Your Free Reports  |  Ag News 24/7  |  Go Mobile!  |  Back Issues

Sunbelt Ag News

Ag News Feed

Subscribe to RSS headline updates from:
Powered by FeedBurner

Cotton News Feed

Subscribe to RSS headline updates from:
Powered by FeedBurner

Rice News Feed

Subscribe to RSS headline updates from:
Powered by FeedBurner



East-Central Louisiana: Conversations With Monsanto About Fees, Resistance; Cotton Stalk Destruction; Gearing Up For Planting

AgFax.Com - Your Online Ag News Source


WEATHER – More of the same. A little sunshine and then showers.

It will be at least ten days before we can get into some fields if it does not rain another drop. Lighter, well-drained soils can be entered in 5 – 7 days. for several days.

THANKS – To Monsanto for meeting in Lake Providence with a group of 40 or so farmers, consultants, and other interested parties. Consultants Hank Jones, Richard Costello, Jesse Young, and RC along with local farmers Terry Mize, Bertis Ray, and Chris Krahn were invited to attend.

Monsanto was prepared with tough hides since “they” are common fodder for many producers woes. Most farmers in attendance have been to one or more of these types of meetings before where Monsanto is searching for ways to help the end users of its technology manage risk. It was noted that Monsanto has helped somewhat in weed resistance management by rebating a small amount ($2.50/ac or so) for each of several herbicides if they are applied. However, it would require that a producer use all five herbicides on the list in order to get a total of $12.50/ac in return.

And there is no consideration for rates. Cotoran and diuron, for instance, must be used at the highest labeled rates for most of our soil types where cotton is grown in our area, yet the same amount of $ is allocated per acre regardless. The $2.50/ac rebate for Cotoran would be less than 20% of the cost of a efficacious rate of that herbicide for many of our acres. We appreciate the thought, but we need more bucks if Monsanto truly wants to help with resistance management in our area.

And there is no help for insect resistance management for bollworms that are “slipping” through Bollgard II cotton and must be treated with pyrethroids that are becoming less effective with each application. We were supposed to have enough control of bollworms with BGII to not have to treat for bollworms.

Jesse Young pointed out that the cap had been removed from the top end of what farmers would pay per acre for technology and that if farmers planted the recommended amount of seed (4 seed/row ft on 38” rows) tech and seed costs would be $133/acre. The reason the cap was removed is that few farmers were hitting the cap. The reason they didn’t “cap out” was that the cap was too high and should have been lowered to a total of $75/acre for seed and technology. Laugh if you want, Big M, but this is reality.

Monsanto explained that in order to continue research such as the drought resistant cotton on which they are currently working, it took X number of research dollars and that they could not lower the fees and still conduct the necessary research. Most in the audience agreed that drought tolerant cotton would not help, but actually hurt, the Mid-South and Southeast since it would be of more benefit to drier areas and encourage production there. In other words, it would help our area farmers’ competitors. Monsanto should not try to woo us with talk that “they” are only making these research investments for the American farmer… is for Monsanto’s shareholders and no one else.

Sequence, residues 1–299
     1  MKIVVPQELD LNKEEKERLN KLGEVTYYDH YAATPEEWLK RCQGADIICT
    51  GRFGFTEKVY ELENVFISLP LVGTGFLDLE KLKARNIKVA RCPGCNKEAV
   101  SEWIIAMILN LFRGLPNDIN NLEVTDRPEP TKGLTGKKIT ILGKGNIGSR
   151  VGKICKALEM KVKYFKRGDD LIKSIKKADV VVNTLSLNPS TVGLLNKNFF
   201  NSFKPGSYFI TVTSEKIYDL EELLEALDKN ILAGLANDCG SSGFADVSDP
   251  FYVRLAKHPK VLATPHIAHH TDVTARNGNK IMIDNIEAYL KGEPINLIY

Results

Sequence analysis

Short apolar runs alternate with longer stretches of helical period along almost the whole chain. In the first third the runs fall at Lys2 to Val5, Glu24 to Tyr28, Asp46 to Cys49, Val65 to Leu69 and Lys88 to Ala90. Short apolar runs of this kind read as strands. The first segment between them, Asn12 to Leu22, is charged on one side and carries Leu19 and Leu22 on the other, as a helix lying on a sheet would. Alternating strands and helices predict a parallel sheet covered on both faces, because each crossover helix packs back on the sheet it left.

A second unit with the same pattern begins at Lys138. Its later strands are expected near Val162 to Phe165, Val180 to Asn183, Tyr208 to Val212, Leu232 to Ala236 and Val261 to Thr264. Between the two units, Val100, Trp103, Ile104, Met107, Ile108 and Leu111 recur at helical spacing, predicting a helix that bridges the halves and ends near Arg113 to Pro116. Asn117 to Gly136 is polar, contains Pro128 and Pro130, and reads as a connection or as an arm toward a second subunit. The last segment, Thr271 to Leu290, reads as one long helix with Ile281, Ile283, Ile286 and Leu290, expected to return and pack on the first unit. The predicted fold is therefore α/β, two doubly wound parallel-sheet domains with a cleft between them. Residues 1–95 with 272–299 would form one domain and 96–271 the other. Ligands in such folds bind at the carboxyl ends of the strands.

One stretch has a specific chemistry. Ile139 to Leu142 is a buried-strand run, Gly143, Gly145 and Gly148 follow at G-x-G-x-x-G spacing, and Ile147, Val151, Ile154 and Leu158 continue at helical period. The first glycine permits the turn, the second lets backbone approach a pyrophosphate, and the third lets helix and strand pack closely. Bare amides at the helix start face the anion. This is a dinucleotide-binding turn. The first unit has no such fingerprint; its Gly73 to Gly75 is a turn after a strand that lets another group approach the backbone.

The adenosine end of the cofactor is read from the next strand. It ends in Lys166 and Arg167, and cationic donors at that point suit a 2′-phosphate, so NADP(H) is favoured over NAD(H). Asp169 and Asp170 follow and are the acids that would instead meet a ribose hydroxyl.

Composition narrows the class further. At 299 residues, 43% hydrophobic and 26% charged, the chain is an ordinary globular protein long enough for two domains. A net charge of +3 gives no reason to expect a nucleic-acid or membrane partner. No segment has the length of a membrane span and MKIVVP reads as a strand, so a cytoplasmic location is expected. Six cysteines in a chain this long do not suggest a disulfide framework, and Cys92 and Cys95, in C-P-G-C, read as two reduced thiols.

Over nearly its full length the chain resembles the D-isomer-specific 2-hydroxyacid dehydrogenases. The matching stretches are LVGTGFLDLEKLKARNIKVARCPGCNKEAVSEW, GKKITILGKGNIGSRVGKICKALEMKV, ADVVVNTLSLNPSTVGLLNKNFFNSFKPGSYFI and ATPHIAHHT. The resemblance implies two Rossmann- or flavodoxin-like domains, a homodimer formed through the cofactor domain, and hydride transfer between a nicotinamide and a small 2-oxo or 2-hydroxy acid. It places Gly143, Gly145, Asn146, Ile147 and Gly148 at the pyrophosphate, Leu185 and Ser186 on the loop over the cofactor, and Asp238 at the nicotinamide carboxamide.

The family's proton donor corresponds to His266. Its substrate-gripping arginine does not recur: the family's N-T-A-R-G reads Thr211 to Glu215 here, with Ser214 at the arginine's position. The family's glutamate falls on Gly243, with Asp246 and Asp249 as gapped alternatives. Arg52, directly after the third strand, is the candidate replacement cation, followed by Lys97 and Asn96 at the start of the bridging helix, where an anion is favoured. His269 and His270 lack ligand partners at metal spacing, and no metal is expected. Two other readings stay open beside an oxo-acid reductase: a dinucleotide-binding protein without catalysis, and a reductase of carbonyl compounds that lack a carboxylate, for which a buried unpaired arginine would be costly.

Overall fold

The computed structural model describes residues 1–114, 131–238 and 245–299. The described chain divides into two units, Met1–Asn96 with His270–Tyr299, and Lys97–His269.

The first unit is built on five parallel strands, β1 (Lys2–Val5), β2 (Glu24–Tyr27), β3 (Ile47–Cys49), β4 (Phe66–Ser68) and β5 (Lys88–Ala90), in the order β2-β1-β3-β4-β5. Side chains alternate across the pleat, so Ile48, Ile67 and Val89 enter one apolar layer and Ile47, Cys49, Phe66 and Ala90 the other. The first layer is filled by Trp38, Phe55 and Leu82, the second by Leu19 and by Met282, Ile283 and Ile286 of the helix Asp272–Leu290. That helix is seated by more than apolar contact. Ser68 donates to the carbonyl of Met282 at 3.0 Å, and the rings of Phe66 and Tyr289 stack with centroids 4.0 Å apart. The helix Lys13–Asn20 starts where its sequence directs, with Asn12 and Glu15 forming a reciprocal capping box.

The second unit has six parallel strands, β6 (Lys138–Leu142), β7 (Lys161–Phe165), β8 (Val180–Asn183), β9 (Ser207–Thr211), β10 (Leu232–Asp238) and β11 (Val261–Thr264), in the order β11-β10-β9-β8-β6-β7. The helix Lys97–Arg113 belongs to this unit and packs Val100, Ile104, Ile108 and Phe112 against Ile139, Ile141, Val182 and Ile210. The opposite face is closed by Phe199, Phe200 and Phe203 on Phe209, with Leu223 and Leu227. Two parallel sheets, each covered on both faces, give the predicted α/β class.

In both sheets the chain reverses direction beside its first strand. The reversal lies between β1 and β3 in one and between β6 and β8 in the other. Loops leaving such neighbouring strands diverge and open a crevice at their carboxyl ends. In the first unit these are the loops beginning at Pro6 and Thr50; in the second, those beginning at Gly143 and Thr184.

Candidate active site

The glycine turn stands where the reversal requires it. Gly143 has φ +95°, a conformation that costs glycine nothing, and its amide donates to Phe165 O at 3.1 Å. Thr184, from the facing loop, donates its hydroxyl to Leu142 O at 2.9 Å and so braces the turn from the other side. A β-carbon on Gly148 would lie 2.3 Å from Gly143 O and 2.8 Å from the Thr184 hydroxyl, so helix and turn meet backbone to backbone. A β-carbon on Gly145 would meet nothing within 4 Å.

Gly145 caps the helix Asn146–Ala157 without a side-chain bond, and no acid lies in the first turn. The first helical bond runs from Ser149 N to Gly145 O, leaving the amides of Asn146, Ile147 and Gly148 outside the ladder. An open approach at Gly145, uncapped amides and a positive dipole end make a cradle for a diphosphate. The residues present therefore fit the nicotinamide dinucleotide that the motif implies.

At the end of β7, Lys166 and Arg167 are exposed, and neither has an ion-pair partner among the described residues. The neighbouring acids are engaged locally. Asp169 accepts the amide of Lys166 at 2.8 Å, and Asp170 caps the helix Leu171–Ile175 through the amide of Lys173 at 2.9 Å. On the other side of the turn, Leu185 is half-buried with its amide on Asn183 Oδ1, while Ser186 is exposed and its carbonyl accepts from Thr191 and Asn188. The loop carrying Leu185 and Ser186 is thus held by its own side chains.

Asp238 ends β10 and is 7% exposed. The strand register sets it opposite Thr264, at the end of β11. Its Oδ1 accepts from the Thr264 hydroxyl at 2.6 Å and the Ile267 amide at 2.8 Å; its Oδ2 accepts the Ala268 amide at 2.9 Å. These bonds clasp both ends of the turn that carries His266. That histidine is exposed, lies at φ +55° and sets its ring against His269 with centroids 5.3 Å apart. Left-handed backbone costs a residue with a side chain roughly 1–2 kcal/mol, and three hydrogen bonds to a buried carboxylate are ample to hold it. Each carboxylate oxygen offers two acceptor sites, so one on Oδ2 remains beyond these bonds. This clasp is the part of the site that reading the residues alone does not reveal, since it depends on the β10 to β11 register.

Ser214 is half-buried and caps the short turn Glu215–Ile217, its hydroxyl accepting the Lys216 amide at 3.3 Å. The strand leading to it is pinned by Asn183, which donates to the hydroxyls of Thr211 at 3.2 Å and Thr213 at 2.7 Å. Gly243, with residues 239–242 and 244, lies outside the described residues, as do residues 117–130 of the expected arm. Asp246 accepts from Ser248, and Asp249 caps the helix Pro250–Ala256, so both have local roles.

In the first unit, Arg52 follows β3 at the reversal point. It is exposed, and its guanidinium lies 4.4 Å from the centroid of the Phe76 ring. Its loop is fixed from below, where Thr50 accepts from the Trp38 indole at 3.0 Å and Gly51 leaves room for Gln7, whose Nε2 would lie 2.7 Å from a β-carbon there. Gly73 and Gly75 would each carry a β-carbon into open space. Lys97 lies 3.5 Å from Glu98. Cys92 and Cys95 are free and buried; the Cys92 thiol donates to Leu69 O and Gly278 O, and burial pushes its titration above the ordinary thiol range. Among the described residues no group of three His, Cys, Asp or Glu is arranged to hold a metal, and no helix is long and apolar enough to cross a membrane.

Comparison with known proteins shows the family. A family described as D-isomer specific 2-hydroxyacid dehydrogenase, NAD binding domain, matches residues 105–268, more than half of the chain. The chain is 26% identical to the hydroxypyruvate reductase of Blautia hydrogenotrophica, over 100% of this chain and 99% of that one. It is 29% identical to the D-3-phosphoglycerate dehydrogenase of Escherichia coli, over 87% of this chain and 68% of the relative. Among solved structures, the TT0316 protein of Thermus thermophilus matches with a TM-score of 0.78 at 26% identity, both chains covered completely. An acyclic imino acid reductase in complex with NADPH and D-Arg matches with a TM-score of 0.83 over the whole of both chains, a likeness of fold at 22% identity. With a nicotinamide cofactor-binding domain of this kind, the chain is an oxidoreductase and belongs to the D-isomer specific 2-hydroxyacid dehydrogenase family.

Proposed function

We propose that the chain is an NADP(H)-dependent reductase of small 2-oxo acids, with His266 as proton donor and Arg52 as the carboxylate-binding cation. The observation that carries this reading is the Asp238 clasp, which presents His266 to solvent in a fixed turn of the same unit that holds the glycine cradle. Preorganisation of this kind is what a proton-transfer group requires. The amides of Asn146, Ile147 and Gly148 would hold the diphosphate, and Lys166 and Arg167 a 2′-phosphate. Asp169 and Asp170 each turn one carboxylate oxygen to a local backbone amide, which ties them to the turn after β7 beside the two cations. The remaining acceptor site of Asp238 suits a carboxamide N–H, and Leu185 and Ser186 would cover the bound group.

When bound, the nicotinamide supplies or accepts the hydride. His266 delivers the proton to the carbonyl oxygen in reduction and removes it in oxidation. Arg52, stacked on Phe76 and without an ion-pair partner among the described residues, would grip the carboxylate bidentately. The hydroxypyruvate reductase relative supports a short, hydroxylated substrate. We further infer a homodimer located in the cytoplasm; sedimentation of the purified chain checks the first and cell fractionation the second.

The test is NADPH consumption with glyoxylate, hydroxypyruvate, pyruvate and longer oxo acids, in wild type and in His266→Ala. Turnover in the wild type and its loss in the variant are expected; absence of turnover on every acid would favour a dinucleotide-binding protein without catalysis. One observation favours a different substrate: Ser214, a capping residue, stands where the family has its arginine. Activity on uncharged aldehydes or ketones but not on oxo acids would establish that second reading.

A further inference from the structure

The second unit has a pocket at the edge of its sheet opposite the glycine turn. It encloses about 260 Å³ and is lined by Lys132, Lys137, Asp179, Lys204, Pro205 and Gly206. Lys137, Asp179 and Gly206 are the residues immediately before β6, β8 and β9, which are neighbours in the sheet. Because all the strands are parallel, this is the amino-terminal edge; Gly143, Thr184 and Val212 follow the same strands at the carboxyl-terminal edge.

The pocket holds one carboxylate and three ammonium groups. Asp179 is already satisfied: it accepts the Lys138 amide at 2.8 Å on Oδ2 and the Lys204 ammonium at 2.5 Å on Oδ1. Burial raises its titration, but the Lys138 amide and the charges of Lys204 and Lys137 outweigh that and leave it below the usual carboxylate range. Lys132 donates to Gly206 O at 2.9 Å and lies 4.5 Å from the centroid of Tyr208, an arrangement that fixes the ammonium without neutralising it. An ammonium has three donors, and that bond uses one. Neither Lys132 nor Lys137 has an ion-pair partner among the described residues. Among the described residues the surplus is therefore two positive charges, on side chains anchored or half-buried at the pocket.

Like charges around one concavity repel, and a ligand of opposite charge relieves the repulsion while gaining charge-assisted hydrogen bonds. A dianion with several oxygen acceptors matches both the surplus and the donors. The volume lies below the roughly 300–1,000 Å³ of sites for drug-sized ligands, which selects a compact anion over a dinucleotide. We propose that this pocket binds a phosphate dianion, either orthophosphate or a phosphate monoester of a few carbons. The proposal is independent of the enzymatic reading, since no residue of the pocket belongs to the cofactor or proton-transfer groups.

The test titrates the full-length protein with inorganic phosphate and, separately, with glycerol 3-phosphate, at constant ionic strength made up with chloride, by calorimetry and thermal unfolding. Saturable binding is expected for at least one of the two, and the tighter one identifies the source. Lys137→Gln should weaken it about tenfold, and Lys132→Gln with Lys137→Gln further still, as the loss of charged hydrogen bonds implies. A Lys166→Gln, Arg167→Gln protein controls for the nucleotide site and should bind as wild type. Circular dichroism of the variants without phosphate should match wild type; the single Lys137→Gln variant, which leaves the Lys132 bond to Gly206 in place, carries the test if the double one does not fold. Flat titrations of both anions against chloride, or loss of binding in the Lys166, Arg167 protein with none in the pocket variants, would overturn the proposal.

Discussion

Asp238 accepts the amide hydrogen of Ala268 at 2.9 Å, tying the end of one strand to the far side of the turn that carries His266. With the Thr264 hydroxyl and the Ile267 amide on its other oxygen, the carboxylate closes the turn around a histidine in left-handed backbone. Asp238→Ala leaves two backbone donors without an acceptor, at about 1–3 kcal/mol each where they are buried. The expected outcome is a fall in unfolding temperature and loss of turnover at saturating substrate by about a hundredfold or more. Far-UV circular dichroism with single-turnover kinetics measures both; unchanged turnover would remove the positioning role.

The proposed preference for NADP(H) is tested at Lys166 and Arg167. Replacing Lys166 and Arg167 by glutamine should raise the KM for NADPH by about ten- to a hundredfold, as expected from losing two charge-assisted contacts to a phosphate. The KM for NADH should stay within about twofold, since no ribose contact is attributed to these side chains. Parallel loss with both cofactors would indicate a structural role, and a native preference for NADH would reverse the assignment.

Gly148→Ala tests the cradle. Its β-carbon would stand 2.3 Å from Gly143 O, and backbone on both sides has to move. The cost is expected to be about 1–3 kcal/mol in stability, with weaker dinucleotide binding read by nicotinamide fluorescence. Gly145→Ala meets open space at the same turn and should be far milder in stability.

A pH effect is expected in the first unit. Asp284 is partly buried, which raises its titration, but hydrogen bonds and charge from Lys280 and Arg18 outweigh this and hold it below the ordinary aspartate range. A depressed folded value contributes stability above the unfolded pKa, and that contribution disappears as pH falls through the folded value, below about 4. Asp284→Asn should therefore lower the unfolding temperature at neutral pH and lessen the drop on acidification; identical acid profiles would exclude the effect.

The good thing: Monsanto took notes. And some of us were encouraged that perhaps they will begin to help us by sharing more of the risk, reducing some tech fees, and encouraging better stewardship of the technology by not selling “canned” packages of technology in areas where certain technology is not needed or wanted, such as areas where resistant pigweed have caused the value of Flex to become nil.  Yet the Bt traits may still be wanted and affordable.

Although the meeting was two hours long there was no “name calling” - at least none that we could hear. And we wondered what the four lost souls that were “sacrificed” and sent to make this trek had done wrong to deserve such punishment. Dave Rhylander is a veteran of such gatherings and has become used to wearing body armor. Phil Miller exhibited traits of being a Southern gentleman and appears sincere in his remarks. Regardless, the crowd left them unscathed, but hopefully more educated about what can be done to help us keep cotton in the United States.

We believe that Monsanto is listening. We thank “them” or “it” for aiding us with a contributions towards weed resistance management.  We hope that neither they nor us wasted our time. The fish was good, but it wasn’t enough to feed our families for a year nor enough to offset tech fees. And we don’t necessarily feel that a “tech rebate” check is in the mail yet, but we’re getting there.

BOLL WEEVIL ERADICATION – The Boll Weevil Eradication Commission recently had a conference call for the purpose of dismissing all cotton farmers from any liabilities from not shredding cotton stalks by the legal date.

The precedence that this has set will open up the Commission to much criticism from those who have been fined in the past for the very same infractions.